Kansas is home to Native Americans, European immigrants and many other cultural heritages. This blend of cultures offers diverse arts, shopping, dining and historic sightseeing experiences across the big and small towns of Kansas. Topeka was chosen to be the capital on Jan. 29, 1861, when Kansas was admitted as the 34th state of the union. Topeka is home to several historic attractions, including the Brown vs. Board of Education National Historic Site & Museum and The Kansas Museum of History.

The Kaw Mission in Council Grove and the Shawnee Methodist Mission in Fairway are state historic sites. The Mid-AmericaCenter Annual Intertribal Pow Wow in Wichita draws thousands of Native American participants from across the nation. Every three years, Medicine Lodge hosts the Peace Treaty Pageant and Celebration to commemorate the 1867 treaty between the five Plains Tribes and the U.S. government. Pow wows are also held in Topeka, Lawrence and Mayetta.

After the Civil War, large numbers of European immigrants settled in Kansas, the largest groups being the Germans and Mennonites. German heritage can be seen in the magnificent churches they built including St. Fidelis, known as the “Cathedral of the Plains” in Victoria, and St. Mary’s in St. Benedict. The Mennonites were key in the development of Kansas. The Mennonite Heritage Museum in Goessel and the Kauffman Museum in North Newton are devoted to Mennonite history. In 1868 the Union Pacific Railroad moved west, opening the area to settlement, and in 1874, Wilson became the home of the Bohemians. They built homes out of quarried post-rock. Today, 22 of those buildings are still standing.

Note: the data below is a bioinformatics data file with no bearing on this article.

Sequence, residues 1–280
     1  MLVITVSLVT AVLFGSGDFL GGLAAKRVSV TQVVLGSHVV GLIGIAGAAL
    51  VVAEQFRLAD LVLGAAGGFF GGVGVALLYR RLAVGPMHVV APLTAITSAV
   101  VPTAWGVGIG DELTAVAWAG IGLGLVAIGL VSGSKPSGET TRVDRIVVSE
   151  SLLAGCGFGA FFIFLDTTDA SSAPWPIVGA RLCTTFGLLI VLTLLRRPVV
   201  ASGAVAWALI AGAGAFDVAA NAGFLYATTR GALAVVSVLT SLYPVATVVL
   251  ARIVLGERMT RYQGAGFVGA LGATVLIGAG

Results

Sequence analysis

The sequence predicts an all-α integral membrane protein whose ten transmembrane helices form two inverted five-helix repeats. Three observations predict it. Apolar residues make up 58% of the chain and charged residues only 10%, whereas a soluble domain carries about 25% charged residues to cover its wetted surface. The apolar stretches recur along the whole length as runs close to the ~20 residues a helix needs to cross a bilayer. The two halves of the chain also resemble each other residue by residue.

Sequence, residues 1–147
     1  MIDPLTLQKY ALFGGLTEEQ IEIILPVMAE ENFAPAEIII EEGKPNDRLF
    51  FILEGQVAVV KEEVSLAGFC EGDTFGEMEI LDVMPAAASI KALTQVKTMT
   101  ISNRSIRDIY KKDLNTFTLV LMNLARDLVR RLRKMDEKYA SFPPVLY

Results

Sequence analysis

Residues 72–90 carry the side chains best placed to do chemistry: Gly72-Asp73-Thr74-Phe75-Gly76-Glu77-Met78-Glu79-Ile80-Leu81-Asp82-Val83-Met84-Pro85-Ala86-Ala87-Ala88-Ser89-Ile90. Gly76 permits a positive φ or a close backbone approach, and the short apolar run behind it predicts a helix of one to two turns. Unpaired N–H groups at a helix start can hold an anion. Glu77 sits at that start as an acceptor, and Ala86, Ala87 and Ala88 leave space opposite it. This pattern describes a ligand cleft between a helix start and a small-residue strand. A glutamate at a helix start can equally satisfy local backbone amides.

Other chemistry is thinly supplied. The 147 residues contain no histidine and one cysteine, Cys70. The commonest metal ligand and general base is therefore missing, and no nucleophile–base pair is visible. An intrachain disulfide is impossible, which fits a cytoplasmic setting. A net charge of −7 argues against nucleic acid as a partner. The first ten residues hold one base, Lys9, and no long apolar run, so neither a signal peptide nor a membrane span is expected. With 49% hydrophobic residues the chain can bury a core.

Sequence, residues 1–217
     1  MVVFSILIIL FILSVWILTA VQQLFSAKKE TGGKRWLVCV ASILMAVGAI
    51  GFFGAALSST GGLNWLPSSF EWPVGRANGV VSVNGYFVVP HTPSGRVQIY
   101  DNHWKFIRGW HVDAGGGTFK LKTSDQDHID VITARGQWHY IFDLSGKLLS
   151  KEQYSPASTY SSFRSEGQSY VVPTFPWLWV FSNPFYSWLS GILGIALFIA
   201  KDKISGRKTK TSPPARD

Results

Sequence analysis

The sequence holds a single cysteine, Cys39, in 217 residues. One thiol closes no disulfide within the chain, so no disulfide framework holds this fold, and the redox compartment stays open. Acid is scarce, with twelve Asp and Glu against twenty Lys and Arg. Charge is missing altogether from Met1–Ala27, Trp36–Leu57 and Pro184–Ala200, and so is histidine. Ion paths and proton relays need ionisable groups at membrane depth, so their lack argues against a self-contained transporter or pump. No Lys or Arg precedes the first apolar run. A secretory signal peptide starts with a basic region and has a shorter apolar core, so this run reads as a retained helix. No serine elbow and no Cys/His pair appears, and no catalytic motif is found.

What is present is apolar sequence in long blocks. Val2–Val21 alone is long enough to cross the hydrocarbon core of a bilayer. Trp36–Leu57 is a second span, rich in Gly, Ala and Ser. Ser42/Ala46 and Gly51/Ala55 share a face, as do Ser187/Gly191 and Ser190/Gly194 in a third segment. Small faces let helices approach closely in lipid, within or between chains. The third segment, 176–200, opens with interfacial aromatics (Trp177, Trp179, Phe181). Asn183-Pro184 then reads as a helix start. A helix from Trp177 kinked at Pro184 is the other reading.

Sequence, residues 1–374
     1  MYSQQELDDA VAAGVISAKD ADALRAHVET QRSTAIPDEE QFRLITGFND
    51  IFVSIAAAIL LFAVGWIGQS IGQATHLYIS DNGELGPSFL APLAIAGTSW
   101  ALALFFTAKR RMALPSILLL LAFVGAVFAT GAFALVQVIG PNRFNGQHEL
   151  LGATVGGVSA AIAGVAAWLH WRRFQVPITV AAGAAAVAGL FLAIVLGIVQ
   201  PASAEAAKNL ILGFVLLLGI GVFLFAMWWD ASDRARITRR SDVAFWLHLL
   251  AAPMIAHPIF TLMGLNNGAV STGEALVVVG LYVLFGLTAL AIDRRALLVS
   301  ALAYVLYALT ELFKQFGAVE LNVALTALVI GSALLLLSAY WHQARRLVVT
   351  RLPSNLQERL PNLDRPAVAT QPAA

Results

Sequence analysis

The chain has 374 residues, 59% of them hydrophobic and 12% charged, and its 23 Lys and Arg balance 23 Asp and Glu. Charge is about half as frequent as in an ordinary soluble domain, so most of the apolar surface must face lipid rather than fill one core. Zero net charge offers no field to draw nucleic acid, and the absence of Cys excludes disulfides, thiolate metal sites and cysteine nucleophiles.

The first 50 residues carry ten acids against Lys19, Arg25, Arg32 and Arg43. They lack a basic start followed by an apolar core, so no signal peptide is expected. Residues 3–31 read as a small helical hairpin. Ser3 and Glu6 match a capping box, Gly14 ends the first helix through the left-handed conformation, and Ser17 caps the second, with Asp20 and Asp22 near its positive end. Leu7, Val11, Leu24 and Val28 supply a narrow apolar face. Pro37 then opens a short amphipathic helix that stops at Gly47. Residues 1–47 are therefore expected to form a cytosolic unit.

The community of Lindsborg was settled in 1869 by nearly 100 Swedish immigrant pioneers. Today known as Little Sweden USA, Lindsborg has art galleries and studios, shopping and world-class chamber music.

In the mid-1800s, the Adair family helped famed abolitionist John Brown hide escaped slaves traveling the Underground Railroad. The Adair cabin near Osawatomie still stands and serves as the John Brown Museum State Historic Site. Lawrence also has several Underground Railroad sites in the city. After the Civil War, freed slaves established all-black communities around the country. Nicodemus is the only remaining all-black town west of the Mississippi River and is now a National Historic Site.

Kansas also has its quirky side. In Cawker City, the World’s Largest Ball of Twine is constantly growing. Started by Frank Stoeber on his farm in 1953, the ball currently weighs in at 17,320 lbs, has a 40-foot circumference, and includes nearly 7 million feet of sisal twine. Given to the city in 1961, the ball’s size benefits from an annual twine-a-thon.

There are more than 300 agri-tourism businesses registered in the state of Kansas, and more working farms, ranches and wineries are inviting guests to visit, learn and even participate in the work.

The average annual temperature in Kansas is 55 degrees; average rainfall is 28.7 inches.